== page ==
The word “stairway” was not invented until the late 19th century, but its origins go back much further than that.
It all began with the idea of a stairway for pedestrians, but the idea did not go far.
The early 19th-century German engineer Georg Wilhelm Baer proposed that the stairs be constructed of wooden planks, a product of the time and one that was easily repaired.
Baer also suggested using a stone platform to support the lower part of the stairs, and that the platform would be supported by a rope and a pair of iron legs.
These elements were the foundations of the modern cartwheel.
The idea of using iron legs as a stabilizer of the floor of a cart was not new.
Iron legs were part of a system called “bunk-stabilized” or “buck-stamped” carts that were used by the Roman empire in the second century BC.
In those times, the carts were made with wooden plankins, which were then filled with sand and then rolled down the side of the cart, to be used for a bridge, a store, or a platform.
Buck-stamping, or “buck-sticking,” was an ancient technique that involved rolling the wooden plankin-covered planks up to a height of about six inches (15 centimeters).
The wood would then be glued down with a hard plastic.
Bucking was a highly laborious process.
The glue would have to be applied at a constant rate, as the wooden wood would not expand when the wood was struck, and it would take weeks or months to fully finish the project.
But when a bucking was done, it could be done by hand, with only the use of a screwdriver.
The steel wheels would be secured to the wooden cart, and then the wooden frame would be fixed to the cart.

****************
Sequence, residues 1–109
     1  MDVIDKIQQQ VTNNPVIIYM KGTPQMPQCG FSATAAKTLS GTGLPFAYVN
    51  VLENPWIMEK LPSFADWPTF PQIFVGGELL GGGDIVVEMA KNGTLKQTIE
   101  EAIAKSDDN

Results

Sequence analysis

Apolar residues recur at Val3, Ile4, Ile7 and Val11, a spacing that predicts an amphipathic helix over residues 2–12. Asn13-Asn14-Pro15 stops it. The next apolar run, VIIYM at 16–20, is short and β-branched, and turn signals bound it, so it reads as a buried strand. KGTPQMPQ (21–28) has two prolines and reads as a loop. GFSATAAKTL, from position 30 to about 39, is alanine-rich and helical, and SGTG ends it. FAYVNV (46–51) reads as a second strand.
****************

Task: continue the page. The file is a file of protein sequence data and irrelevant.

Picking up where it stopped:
The wooden frame was also held in place with screws.
As with any other building material, wood could be stretched to allow for the construction of stairs.
This is the method that Baer used, and the wooden stairway was constructed in a series of steps, which can be seen in the image below.
The cart was supported on four metal legs, which could be driven up or down with small screws.
Each leg was driven up by a screw, and each screw was driven down by a lever.
The wheels were driven from one end of the step to the other by a small wheel.
Each wheel was driven by a series and multiple springs.
A number of other designs for stairways were made, and some of them had wooden frames as well.
These stairways could be used to reach places that were not on the main road.
However, in many cases, they were not used.
Some people believed that the wooden frames would have helped prevent a car from jumping a curb.
They also thought that the carts would be more stable when the car was parked on the street and not on a hillside.
As a result, many people did not use the stairways, and many buildings did not incorporate them into their buildings.
The problem with the stairway system, however, was that it was not practical to have a stair in every building.
Many buildings would only allow for one step.
And there were other problems with the wooden floor.
The first step could easily be lost or damaged if it were not kept in place.
It could be knocked over by the weight of a child or by a bird.
And when a step was lost, it would not be repaired.
Finally, the wooden framework was too thick for a person to walk on it.
If a person were to fall off the stair, the structure would fall apart.
For many years, many architects used wooden floors, but eventually they started to use metal floors and made the stair system more practical.
In the late 1800s, several architects began to use steel and concrete for stair systems.
These steel and cement stairways would be used in many other parts of the world, including Japan.
Today, the U.S. is home to a large number of steel stairways that are used to access buildings in several different buildings.
But there is one building that still uses wooden stairways for its stairway systems.
In 2001, the steel-and-concrete tower at the National Cathedral of San Francisco was renovated and was now a steel stairway.
The stairs are made of concrete and were originally designed for a smaller building in San Francisco, but they were modified to allow them to be installed in larger buildings.
In addition, there are many smaller buildings that use the same steel- and concrete stairways as the cathedral.
In fact, many of these stairways are still in use today.
This article was originally published on The Wall St. Journal.
Reprinted by permission.